Self-sufficiency is a major ideal in Tennessee. Of the state’s great strengths has always been the do-it-yourself and independent attitude of our people. From the days of voyageurs, trappers and settlers to the present day, many Tennesseans live in the country and we want to be free to do what we want. That can mean growing and hunting your own food, having the land to be out in nature, or – to many people – unplugging from the utility companies.
Dependency on Electricity
For the last hundred years this has been one of the hardest aspects of independent country living. Electricity is simply a necessity, at least from the perspective of maintaining comfort and functionality at your home. TV, internet, lights and power tools have become part of our lifestyle, and for most people there’s no going back – even if it means being free from the grid.
For other households, cost is a major factor in the quest for energy freedom. Energy bills skyrocket during the middle of summer and winter, and the idea of being energy independent has a fiscal appeal. The environmental cost of our current energy infrastructure is also becoming a leading concern for Tennesseans, many of whom value the beauty of the outdoors.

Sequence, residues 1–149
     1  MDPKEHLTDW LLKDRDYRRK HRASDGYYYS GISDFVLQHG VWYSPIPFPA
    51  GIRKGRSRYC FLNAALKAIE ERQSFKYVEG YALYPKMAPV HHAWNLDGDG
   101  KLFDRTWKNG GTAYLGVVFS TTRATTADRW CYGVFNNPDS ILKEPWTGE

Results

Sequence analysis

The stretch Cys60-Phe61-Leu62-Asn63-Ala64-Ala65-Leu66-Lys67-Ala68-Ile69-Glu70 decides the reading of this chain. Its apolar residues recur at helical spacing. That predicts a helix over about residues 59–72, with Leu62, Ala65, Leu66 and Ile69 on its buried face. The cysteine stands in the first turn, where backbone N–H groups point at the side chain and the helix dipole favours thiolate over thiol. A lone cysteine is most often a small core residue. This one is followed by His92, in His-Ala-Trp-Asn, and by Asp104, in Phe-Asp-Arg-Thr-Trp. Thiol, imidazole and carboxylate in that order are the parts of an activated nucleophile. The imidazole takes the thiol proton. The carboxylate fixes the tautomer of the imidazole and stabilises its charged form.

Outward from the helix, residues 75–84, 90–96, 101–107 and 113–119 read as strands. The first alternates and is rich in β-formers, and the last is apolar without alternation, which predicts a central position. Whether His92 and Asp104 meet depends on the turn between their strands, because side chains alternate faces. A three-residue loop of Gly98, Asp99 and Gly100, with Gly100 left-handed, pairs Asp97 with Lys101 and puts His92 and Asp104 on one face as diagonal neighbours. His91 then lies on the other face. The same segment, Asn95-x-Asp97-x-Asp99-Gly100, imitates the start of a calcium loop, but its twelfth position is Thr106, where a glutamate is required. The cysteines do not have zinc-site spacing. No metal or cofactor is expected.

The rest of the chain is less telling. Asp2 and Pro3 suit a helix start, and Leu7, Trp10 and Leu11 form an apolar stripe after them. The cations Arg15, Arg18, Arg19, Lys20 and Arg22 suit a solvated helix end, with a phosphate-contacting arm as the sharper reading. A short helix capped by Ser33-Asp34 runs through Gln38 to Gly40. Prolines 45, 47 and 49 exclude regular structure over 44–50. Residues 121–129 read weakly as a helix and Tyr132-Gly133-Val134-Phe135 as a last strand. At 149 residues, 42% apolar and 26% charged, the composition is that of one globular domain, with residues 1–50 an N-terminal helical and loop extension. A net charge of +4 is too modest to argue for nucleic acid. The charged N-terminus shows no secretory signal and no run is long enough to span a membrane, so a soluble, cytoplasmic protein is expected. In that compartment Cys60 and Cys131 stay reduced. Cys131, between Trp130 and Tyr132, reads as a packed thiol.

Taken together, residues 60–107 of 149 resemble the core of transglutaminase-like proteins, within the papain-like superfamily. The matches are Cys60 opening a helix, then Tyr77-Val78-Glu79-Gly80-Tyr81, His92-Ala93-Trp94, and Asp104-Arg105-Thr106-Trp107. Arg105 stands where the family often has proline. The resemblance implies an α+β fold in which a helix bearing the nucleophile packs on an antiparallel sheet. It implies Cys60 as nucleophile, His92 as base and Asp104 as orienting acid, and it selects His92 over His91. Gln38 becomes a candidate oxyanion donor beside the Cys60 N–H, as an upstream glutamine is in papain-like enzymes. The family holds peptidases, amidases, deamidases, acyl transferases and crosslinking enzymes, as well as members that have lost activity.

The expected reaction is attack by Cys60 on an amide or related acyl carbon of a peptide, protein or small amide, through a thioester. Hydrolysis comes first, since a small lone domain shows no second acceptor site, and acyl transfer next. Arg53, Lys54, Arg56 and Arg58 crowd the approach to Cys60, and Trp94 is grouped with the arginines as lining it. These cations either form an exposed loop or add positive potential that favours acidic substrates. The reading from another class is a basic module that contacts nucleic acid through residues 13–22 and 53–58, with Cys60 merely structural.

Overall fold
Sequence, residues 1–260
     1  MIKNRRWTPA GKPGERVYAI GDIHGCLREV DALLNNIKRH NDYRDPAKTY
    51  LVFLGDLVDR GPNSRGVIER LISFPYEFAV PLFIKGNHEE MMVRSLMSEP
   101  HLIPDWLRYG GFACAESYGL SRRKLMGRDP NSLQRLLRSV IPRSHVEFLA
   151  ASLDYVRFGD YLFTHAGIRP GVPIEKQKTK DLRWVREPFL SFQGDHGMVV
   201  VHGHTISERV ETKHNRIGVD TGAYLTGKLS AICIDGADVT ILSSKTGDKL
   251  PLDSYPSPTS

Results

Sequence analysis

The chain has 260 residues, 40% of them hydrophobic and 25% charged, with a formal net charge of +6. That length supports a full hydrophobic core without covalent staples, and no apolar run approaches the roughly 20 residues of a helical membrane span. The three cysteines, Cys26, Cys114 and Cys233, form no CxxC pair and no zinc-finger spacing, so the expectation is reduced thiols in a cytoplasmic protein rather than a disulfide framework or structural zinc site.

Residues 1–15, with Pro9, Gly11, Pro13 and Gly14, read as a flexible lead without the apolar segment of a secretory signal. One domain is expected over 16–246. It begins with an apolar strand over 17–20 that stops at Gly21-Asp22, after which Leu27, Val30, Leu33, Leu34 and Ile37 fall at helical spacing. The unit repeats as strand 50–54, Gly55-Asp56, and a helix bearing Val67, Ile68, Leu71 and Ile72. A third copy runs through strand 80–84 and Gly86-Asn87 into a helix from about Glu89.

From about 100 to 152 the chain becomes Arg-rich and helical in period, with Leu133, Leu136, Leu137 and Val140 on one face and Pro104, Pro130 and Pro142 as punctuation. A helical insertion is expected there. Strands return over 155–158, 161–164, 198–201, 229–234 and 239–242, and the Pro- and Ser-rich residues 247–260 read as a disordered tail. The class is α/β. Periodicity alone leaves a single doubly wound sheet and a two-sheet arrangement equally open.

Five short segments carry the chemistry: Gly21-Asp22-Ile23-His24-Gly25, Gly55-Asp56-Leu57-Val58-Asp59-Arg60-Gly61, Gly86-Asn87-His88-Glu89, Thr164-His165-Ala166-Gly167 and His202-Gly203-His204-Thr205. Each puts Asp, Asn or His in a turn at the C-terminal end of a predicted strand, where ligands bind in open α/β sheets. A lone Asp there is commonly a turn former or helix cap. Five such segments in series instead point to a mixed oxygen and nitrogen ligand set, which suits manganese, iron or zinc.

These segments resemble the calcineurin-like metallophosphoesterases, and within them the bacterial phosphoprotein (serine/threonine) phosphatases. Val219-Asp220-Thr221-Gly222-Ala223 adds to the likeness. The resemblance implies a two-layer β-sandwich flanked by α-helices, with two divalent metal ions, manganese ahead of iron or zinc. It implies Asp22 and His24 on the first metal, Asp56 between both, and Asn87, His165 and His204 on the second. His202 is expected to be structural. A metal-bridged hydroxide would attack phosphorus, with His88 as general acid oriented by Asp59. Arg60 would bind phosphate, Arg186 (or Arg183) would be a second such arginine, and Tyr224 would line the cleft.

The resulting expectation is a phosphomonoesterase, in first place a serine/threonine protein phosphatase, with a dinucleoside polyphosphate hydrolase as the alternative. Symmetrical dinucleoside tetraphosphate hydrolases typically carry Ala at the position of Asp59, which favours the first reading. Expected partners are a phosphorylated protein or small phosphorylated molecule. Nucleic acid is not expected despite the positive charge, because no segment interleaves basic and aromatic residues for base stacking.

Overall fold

The obvious answer to the problem is to switch to some other power source – to generate your own. But how? The conundrum has frustrated homesteaders and environmentalists alike since the 1970s.
Alternative Power Solutions
Windmills are a common method, and they work well – but the small windmills meant for individual homes generate comparatively little power. Likewise, fuel-powered generators are great in case of an emergency power failure, but fuel is pricey and the environmental impact is no better.
Fortunately, solar power has been becoming far more accessible – and affordable. Adding photovoltaic solar panels to the roof of a home was long considered expensive and inefficient. But that trend has reversed, and solar panels have become far cheaper while putting out more power than ever. Slowly, we’re getting more solar homes in Tennessee.
Passive solar has also become popular. By using efficient home designs and thinking about the direction a house faces, significant cost savings can be achieved with passive solar homes. Tennesseein particular is well suited to passive solar, with generally mild winters.
In many cases, these options won’t give a homeowner 100% energy freedom – but they can offset both the cost and the problem of over-dependence that come from relying only on the power line.